While the role of the PcG proteins during development has been extensively studied, there is little information about their functions in differentiated cells. We used the RNAi approach to study the functional role of the PcG proteins in Th cells since the knockout of PRC2 members causes embryonic lethality . And although the PRC1 members, excluding Ring1b, display more redundancy, they have a pivotal role during hematopoiesis [24, 44, 45].
Mel-18 deficient mice have severe proliferative defects in lymphoid cells resulting in hypoplasia of spleen and thymus [44, 63, 64], and have less than 5% of the thymocytes of wild-type mice . The differentiation of Mel-18-deficient Th2 cells is impaired, but not of Th1 . It is possible that the absence of Mel-18 during T cell development interferes selectively with Th2 differentiation. The expression of Gata3 is reduced in cells derived from Mel-18-deficient mice , and - apart from the fact that GATA3 is important for T cell development in the thymus  - its early presence may be required for normal subsequent Th differentiation. GATA3, for example, might be necessary for the initiation of the intrachromosomal conformation at the Il4 locus . The negative regulation of Tbx21 by Mel-18 in Th2 cells, as we showed, may also explain the modest enhancement in the expression of IFNγ in Th cells derived from Mel-18-deficient mice.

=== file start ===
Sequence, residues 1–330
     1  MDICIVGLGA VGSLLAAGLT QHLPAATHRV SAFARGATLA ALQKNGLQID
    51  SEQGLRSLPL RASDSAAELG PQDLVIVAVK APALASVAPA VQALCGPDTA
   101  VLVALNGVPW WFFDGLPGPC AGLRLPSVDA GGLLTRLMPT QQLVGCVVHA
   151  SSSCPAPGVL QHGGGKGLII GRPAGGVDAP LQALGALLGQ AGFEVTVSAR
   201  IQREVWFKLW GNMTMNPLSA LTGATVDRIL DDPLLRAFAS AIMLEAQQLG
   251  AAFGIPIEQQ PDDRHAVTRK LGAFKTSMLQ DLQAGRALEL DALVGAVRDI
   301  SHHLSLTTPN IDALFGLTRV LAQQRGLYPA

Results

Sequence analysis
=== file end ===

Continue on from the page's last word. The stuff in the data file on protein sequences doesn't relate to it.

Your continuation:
T cells in general response moderately to the RNAi procedure , and since the knockdown is partial, our results probably underestimate the importance of PcG protein functions in Th cells. Nevertheless, our data suggest that PcG proteins from two different complexes can function as transcriptional activators of the signature cytokine genes in primary Th1 and Th2 cells. We showed similar results also in primary Th17 cells . And Mel-18 and Ezh2 function as positive regulators of cytokine genes in established Th1 and Th2 cell lines. Therefore, PcG proteins may act as a general Th-machinery that induces the expression or maintains the permissive epigenetic state of the effector cytokine genes. The PcG proteins also perform the opposite activity in Th cells, acting as transcriptional repressors of Hoxa7 in both lineages, and of Tbx21 in Th2 cells. We also cannot exclude the possibility that a stronger downregulation of PcG proteins is necessary to detect negative regulation of the opposing cytokine genes. The PcG probably have many other targets in Th cells and the type of PcG activity might depend on the epigenetic context, the proteins available at the target genes, and differential posttranslational modifications. But it is also possible that discrete PcG complexes or isoforms are involved.